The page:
A Taxify driver counts himself “very lucky to be alive” after three passengers attacked him and drove away with his car.
André Terblanche, has returned to work since the incident on Monday January 22, but is still shaken up.
“I look at everyone suspiciously, but what can we as taxi drivers do? This is our livelihood.”
The CBD resident told the CapeTowner that the incident took place at 9pm.
“I was driving home when I got the pick-up alert and it was on the corner of Roeland and Buitenkant streets, so I accepted the request.
“Three guys got into the car. They were foreign, but one could hear they were living in Cape Town for a while as they had the accent.”
The men said they were on their way to Stellenbosch and that they had to pick up their aunt at Wembley Square in the CBD.
“When we got to Wembley Square, they called their aunt, who was apparently still inside, when the man sitting behind me grabbed me, and the one sitting next to me took off my glasses and pepper-sprayed my eyes. The other man proceeded to the driver’s side and pulled me out.”
Mr Terblanche asked the men what they wanted, and they said “the car”.
“I gave the car and they took about R20 out of my pocket, and my cellphones.
“I went straight to the cop shop and within an hour, the police had recovered the vehicle in Nyanga.”
He described the incident as bizarre, as Taxify clients pay with credit cards and hardly carry money.
“Also, the car has satellite tracking. So basically they did all of that just for R20 that I had in my pocket. The phones are blocked, and those are now worthless.
“I’m the one suffering the most because my glasses are gone, those cost a couple of thousand rands, and my phones are gone.”
Although Mr Terblanche, who has been a taxi driver for years, had not hear of an incident like this one before, the investigating officer in the matter, Warrant Officer Jeremy Steyn, said it is a regular occurrence in the city centre.
“It happens with meter taxis or taxis with the apps, such as Taxify.
“These are probably people who want to get home but don’t have money to pay the drivers, so they steal the cars. The cars are always recovered, but its difficult to arrest the suspects as these drivers pick up many people in a night.”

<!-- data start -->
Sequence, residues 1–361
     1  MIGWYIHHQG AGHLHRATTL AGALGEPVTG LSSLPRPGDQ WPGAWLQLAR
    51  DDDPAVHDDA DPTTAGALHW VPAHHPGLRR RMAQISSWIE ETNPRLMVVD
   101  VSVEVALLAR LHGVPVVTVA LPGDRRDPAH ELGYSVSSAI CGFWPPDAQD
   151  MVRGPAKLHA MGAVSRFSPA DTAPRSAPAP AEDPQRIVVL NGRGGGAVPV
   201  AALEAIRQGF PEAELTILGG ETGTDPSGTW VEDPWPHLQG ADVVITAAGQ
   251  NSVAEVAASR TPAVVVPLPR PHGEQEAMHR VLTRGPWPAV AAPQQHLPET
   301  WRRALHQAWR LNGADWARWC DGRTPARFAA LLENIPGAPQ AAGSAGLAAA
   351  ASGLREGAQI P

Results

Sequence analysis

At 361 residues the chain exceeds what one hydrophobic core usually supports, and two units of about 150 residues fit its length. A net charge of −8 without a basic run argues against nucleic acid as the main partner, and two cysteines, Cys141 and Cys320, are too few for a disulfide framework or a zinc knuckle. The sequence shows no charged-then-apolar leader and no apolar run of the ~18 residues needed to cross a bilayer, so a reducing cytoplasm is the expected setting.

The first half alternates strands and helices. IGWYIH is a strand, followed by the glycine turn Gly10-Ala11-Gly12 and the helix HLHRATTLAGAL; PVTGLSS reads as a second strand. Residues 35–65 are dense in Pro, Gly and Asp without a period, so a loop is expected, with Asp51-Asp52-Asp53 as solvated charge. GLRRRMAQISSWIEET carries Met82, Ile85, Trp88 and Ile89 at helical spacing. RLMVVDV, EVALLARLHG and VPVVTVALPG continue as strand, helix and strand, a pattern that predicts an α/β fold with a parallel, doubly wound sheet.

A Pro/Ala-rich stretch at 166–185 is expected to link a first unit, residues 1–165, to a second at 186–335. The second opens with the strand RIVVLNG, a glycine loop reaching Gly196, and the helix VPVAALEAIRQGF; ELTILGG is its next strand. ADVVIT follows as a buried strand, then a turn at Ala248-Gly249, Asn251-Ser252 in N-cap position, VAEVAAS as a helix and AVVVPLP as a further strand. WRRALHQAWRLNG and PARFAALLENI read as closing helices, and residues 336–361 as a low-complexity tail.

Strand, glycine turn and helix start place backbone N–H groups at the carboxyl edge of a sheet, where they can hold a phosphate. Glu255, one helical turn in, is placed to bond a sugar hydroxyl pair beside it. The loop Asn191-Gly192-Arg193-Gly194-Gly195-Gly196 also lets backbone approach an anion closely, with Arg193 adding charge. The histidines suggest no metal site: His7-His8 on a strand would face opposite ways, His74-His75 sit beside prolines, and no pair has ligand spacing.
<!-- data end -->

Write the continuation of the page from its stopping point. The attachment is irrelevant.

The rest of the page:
He said suspects are usually picked up near the clubs, mostly in Long Street, and halfway to the destination the passenger pulls out a gun and hijacks the driver.
“It’s difficult to say how to prevent this because the modus operandi changes, the weapons change, and the suspects are not from the city.”
He said a case of carjacking has been opened, but no one had been arrested. “We are trying to track the number from which the call came, the investigation is ongoing,” said Warrant Officer Steyn.
Cape Town Central police station spokesperson, Captain Ezra October, said the suspects were probably not prepared to pay the driver, so they opted to steal the car. “We are talking to the taxi drivers in the community and urge them to be vigilant. We are also speaking to their bosses, and urge all taxi owners to put tracking devices on their vehicles.”
Mr Terblanche is scared because the pick up was legitimate, with the call being made through the app, yet the suspects were brazen enough to attack him and steal the car. “I assume that the phone (they used) was stolen, but it is so easy to download the app onto a stolen phone and make the booking. There is a glitch in the system that doesn’t allow passengers to be profiled. I don’t know how they will fix that. And although the car was found, I suffered the most damage – the pepper spray was not fun.”
Mr Terblanche said the only advice he can give other taxi drivers who find themselves in this situation is not to fight the suspects. “I have been carjacked three times and survived all three of them. I immediately ask what they want, and they usually tell you. Just give them what they want and let them get away from you as soon as possible. “
He said there is no way for taxi drivers to protect themselves because if the pick-up is rejected, it counts against the driver with the company.
Warrant Officer Steyn said he was not sure how to warn drivers. “I can’t tell them not to pick up customers after 9pm. All these drivers worry about is how they will make money to feed their families. Most of the time, if they are not severely injured, all they want is their cars back so that they can work.”
Taxify spokesperson Sinako Cetyiwe said they are aware of the incident and have been in contact with the driver. “We encourage drivers on our platform to immediately report any incident to us so that our team can investigate the matter and assist law enforcement in their investigation. We make contact with law enforcement if need be and we try to see the applicable parties and support them every step of the process.”
He said Taxify advises drivers to be aware of hotspots that the team communicates through the app. “We send out regular communications to drivers to warn them of potentially unsafe areas. We also encourage all our riders to use our card payment option to mitigate the risks related to carrying cash. We are also looking into ways to significantly improve driver safety. This includes means of technology, but also education and making sure we investigate every case in detail.”
Asked about client profiling, Mr Cetyiwe said the app is currently open to the public but soon more authentication methods will be put in place. He did not specify when. “We encourage all riders and drivers to always use precaution and be aware of your surroundings and stay away from our advised hotspots.”